[As of April 17, 2020]
Ingress controller of Azure Kubernetes Service (AKS) can allow ingress traffic from specified public IP addresses, but how about egress traffic? Without any configuration, source public IP addresses of egress traffic from AKS are chosen at random. This behavior is not good for some API providers, because they would like to allow only incoming traffic from specified public IP addresses. In this entry, I summarized three ways to restrict IP addresses used for egress traffic from AKS.
1. Azure Firewall
Control egress traffic for cluster nodes in Azure Kubernetes Service (AKS)
This topology is similar to an environment where proxy is located on premises for internet access. As you see the diagram below, egress traffic are routed to subnet of firewall with UDR (user defined route). In this case, we should not block any internal subnet traffic within AKS cluster.
Blocking internal subnet traffic using network security groups (NSGs) and firewalls is not supported. To control and block the traffic within the cluster, use Network Policies.https://docs.microsoft.com/azure/aks/limit-egress-traffic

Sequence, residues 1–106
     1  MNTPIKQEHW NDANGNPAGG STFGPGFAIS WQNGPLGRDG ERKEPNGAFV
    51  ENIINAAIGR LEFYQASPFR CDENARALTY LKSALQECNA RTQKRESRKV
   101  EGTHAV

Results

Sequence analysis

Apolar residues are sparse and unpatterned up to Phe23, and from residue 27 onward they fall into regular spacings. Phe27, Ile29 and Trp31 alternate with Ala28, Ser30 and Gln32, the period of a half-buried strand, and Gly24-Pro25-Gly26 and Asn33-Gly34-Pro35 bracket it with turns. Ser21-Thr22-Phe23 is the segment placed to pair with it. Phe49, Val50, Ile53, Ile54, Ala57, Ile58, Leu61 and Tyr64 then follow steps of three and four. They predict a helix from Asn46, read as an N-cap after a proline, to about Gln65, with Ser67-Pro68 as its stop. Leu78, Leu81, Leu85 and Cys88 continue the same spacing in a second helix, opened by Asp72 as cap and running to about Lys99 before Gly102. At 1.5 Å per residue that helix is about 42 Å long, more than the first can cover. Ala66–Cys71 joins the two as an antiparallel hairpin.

2. Standard Load Balancer
Provide your own public IPs or prefixes for egress
Typically, a load balancer locates in front of backend service nodes, but in this case, you would understand this topology more easily if you regard access to backend service nodes as internet access.
3. Virtual Network NAT
What is Virtual Network NAT?
Designing virtual networks with NAT gateway resources
This feature has been introduced in March 2020. NAT gateway can have public IP addresses, and source IPs of outbound traffic are used from these public IP addresses. We can create a NAT Gateway per each subnet.
Integrate Azure Firewall with Azure Standard Load Balancer
Use a static public IP address for egress traffic in Azure Kubernetes Service (AKS)